Finding a Hapy Home
My search for the perfect Greek cuisine leads me from a Pasadena hole-in-the-wall, through the streets of New York to a wine bar and restaurant in Pismo Beach.
2008: Pasadena, CA
The front of house is about the size of my living room. A thin countertop runs parallel to the order counter, happy customers perched atop each available stool, with hungry patrons standing in line to their backs. Bodies are crammed in one top of another and all the tables are full. The remaining outside tables, situated on a small patio about the same size as the interior, are quickly filling up. The line — full of students, businessmen on lunch break, friends and local families — is rapidly growing out the door. A menu hangs over the order/pickup counter, but there is really only one thing to order…the kebab plate.
The plate is overflowing with different elements that work together to create a flavorful, textural, delightful meal: tangy tzatziki full of garlic; thick hummus nestled under a slab of warm pita bread; a rough-chopped Greek salad bursting with fresh tomatoes, cucumber and generous hunks of salty feta cheese. Rice pilaf spills over the dividers in the styrofoam container. And the juicy, perfectly spiced, brimming with flavor kebabs. The staff here furiously churn out one kebab plate after another, filling orders almost as fast as the line grows.
This is my favorite hole-in-the-wall Greek cafe off the main streets of Pasadena. This place has no front entrance. Enter through the back door, the one that faces the parking lot, not the street, and indulge in this experience.
It is here that I fall in love with this kebab plate, this cuisine, these flavors. It becomes a part of me, connecting with some ancestral thread leading back to my familial roots in the islands of the Mediterranean Sea. This is food that I crave deeply. I move away from Pasadena for college, never to return to this local gem.
2012: New York, NY
I’m living in New York during college, on a student’s budget and, of course, on a student’s schedule. Weekends consist of late night food runs, meandering back to the apartment after a night of exploration. Weekdays bring the desire for something outside of the norm of readily available cafeteria, as comforting to my wallet as to my hungry stomach — and stat! Speed is key in New York City, where everyone moves at a mile a minute.
Food carts are as integral to Manhattan as the horse-drawn carriages that gallivant around Central Park. Here, I find my next love of Greek food – the glorious Gyro sandwich.
Here it is — a perfect, handheld meal that holds, in my mind, as worthy of a rank as a burger or the quintessential New York bodega bacon-egg-and-cheese sandwich. The glorious Gyro sandwich gives me all the best parts of the kebab plate in a portable, cheaper vessel. I don’t want to go to a restaurant for this here. I want the nearest food cart, the one that can make it the fastest, because I know, no matter what, it will always be this good.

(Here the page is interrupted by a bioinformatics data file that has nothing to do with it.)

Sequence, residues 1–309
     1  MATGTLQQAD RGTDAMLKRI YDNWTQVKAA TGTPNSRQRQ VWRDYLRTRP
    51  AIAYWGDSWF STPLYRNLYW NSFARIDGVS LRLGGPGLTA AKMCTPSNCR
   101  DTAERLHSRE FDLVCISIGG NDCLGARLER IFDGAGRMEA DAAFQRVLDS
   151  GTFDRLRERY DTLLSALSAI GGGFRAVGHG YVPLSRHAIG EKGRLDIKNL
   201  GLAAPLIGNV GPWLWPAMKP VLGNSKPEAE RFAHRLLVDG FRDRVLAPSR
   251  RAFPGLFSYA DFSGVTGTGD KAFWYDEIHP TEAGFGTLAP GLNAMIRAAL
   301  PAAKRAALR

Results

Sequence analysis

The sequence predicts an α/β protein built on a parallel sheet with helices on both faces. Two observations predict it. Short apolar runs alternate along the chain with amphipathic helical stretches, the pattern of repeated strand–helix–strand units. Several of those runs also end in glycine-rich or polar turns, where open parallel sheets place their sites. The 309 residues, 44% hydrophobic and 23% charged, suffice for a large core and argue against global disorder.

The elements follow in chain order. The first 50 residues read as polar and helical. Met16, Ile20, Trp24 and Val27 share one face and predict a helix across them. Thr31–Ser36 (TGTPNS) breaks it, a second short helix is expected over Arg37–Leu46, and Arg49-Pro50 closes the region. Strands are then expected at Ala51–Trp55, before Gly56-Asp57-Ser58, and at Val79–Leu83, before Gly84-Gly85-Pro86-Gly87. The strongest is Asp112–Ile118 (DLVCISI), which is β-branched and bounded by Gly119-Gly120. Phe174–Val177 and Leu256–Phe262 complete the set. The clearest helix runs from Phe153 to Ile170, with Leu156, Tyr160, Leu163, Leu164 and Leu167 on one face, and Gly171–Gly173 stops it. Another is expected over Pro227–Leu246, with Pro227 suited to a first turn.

After college I flee the harsh winters of the east coast in favor of my homeland, the sunny, perpetually dry land of the California coast.
2018: Pismo Beach, CA
Three and a half years into living in San Luis Obispo County and no glorious Gyro to be found. Surely, someone, somewhere has to open an eatery as a testament to the highlights of Greek cuisine. Where is my Gyro? Who has my kebab? My search continues, fruitless.
I hear of a new wine bar & restaurant that’s opened on Oak Park. It’s called H-A-P-Y. What happened to the second P? I don’t drink wine, and am apprehensive. Ultimately, curiosity grips me. I go.
Perusing the menu, I see lamb, beef, chicken, baklava, hummus and bacon wrapped dates! Could this be it? Could this be the Mediterranean paradise I’ve been missing in my life here on the Central Coast? I flip a page in the menu and see it — the kebab plate. One more — the Gyro. The glorious gyro.
And so I order. I take the chance. Will this be a worthy replica of the street Gyros of yesteryear? Craveable Greek food has yet eluded me here. That is, until I order the Hapy Gyro.
If first one eats with their eyes, I am already satisfied. The pita, impossibly soft and fluffy, yet withstanding the generous helping of lettuce, tomato, tzatziki and meat. I scoop it up and take a bite. Incredible. This tastes as good as the authentic food cart gyro sandwich found in the streets of Manhattan. And somehow, its better.
It’s better because situated in the offset corner of a retail shopping complex, this slice of Greek delight resides. Innumerable bottles of wine line the shelves behind and in front of me. Off to my right, a humidor full of cigars. The ceiling above the bar twinkles with the most creative LED light display mimicking the empty sky at night.
I leave, ecstatic.
Most recently, I had the Beef Kebab plate at Hapy, made with filet mignon. I chose for my sides Greek salad and rice pilaf. Again, simply incredible. The generous portions of beef on each kebab were at once, charred to perfection, kissed with the black lines of the grill, and perfectly tender, moist, easy to eat and completely saturated with spices.
I found the tzatziki pleasantly packed with fresh garlic, and the Greek salad leveled up from its usual three ingredient garb, dressed with capers and fresh baby lettuces.
Hapy proved itself two Greek favorites, the Gyro and the Kebab plate, with class, finesse and creativity. After this, I knew I had found my Hapy home.
+ + + + +
Hapy Bistro features a variety of dishes with Greek influence. We recommend:
- Ahi Tuna Bruschetta
- Bacon Wrapped Dates
- Kebab Plates
- Lamb Burger
You can visit Hapy Bistro:
- Sunday-Wednesday 11 am – 9 pm
- Thursday 11 am – 9:30 pm
- Friday & Saturday 11 am – 10 pm
821 N Oak Park Blvd + Pismo Beach, CA + 93449 + 805.270.4327